By Peter Kanjere
Malawi national netball team’s downward spiral continued yesterday when they lost to Zambia for the first time in their history ending the dominance in netball the Queens have enjoyed over their eastern Neighbours.
They lost 54-56 to Africa Netball Championship hosts, Zambia, in Lusaka on Thursday.
This is the second loss in three games played at Olympic Youth Development Centre which effectively ends the Queens’ championship dream.
Zambia is ranked 17th out of 35 teams in the world whereas Malawi are placed sixth.
It was the latest setback for Malawi having, on Wednesday, been defeated by reigning champions, Uganda’s She-Cranes 46-51, before recovering to see off Botswana 58-32.
Yesterday, Malawi led 17-14 in the opening quarter before the hosts pulled level at 29-29 at break.
The Queens restored the lead at 45-43 in the third quarter—only for the inevitable to happen in the final quarter.
Coach Charles Zulu led the Zambian team which comprised players such as Juliet Kaputeni, Petronella Bwalya, Diana Banda, Ethel Kamba, Elizabeth Bwalya and Roda Zulu.
The Queens, who are without injured star shooter Mwawi Kumwenda, have lost their invincibility due to failure to invest in netball, resulting in a lack of new blood.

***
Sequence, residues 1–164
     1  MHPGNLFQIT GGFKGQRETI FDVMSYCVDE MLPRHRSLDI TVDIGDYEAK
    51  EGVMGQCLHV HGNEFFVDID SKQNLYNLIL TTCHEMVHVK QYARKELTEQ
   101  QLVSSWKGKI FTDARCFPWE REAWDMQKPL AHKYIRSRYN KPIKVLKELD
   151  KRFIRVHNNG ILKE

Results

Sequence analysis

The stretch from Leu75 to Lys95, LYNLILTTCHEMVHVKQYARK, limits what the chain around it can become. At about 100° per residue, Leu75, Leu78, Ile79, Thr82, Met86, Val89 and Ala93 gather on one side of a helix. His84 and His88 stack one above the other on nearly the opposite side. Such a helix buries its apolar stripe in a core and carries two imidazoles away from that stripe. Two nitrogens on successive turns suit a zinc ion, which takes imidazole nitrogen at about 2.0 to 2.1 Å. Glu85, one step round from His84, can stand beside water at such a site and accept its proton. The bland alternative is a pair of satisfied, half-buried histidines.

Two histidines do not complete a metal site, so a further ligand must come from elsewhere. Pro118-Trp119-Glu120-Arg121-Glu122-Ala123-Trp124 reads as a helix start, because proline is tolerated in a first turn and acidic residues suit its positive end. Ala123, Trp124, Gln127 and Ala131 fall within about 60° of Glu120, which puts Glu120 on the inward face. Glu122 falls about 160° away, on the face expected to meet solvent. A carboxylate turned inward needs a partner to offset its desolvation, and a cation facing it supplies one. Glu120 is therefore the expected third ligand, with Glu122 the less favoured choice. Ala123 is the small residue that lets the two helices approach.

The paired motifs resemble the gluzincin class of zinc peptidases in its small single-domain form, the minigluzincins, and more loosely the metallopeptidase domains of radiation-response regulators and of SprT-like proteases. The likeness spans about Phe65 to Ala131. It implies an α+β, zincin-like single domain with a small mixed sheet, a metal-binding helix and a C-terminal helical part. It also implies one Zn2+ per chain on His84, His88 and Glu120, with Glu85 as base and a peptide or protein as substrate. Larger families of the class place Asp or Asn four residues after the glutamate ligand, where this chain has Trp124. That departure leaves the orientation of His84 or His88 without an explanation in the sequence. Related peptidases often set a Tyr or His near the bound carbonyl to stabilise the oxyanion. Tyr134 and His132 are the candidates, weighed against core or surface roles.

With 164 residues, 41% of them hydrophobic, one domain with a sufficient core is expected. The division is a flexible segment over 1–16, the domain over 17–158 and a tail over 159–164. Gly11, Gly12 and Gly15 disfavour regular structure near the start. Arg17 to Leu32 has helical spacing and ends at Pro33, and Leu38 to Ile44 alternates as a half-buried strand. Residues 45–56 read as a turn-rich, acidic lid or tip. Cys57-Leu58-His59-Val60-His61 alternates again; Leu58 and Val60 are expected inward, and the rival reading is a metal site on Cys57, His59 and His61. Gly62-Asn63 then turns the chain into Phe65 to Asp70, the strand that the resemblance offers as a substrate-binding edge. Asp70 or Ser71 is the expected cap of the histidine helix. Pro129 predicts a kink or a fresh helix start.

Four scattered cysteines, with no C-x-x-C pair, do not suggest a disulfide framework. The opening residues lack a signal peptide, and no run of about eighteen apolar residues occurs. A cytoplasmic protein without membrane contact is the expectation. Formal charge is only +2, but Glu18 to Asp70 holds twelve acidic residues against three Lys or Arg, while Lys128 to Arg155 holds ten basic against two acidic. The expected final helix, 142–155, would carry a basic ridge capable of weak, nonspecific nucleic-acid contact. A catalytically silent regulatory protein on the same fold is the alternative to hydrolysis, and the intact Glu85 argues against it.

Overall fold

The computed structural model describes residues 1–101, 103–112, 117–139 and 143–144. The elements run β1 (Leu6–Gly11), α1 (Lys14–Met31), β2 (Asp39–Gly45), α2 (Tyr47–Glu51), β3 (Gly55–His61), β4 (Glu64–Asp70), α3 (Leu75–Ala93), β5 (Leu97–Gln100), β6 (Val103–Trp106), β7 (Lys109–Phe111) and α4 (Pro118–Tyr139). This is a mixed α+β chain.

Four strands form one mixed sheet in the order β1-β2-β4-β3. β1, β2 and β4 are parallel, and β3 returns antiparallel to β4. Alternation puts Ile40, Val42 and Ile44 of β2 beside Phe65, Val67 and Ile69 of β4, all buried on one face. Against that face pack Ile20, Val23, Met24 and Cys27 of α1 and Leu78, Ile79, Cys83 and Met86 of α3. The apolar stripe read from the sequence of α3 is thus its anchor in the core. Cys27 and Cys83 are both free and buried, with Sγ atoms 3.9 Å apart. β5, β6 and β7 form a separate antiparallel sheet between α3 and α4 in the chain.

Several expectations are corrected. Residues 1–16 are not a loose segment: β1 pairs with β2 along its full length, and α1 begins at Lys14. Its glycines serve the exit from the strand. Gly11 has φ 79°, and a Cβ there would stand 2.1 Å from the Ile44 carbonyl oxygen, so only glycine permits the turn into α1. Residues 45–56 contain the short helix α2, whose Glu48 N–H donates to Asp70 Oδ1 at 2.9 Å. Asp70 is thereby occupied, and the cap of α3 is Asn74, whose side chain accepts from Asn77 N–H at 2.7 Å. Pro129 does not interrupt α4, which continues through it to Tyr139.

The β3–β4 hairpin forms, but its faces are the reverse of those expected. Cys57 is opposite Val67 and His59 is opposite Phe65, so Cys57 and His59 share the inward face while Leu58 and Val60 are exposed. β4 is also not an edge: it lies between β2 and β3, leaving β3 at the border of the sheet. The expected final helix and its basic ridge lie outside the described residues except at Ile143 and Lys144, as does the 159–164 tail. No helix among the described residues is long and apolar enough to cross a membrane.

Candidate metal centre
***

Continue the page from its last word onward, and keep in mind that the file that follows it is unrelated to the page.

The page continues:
Coach Griffin Saenda Senior featured Joyce Mvula, Jane Chimaliro, Bridget Kumwenda, Thandie Galeta, Martha Dambo, Joana Kachilika and Lauren Ngwira in the starting line-up.
The Queens wind up the campaign by playing against Namibia today and Kenya tomorrow.
Malawi went to the championship, hoping to regain the title. But that dream is over. The only consolation is that Malawi are assured of a World Cup place, owing to their sixth place on the rankings.
The championship, which is also a Netball World Cup regional qualifier, has attracted six teams who, minus Malawi, are eyeing two qualifying places for the world event scheduled for Liverpool next year.
The tournament has attracted Zambia, Malawi, Uganda, Namibia, Zimbabwe, Kenya and Botswana.
There are 35 ranked national netball teams in the world and eight in Africa.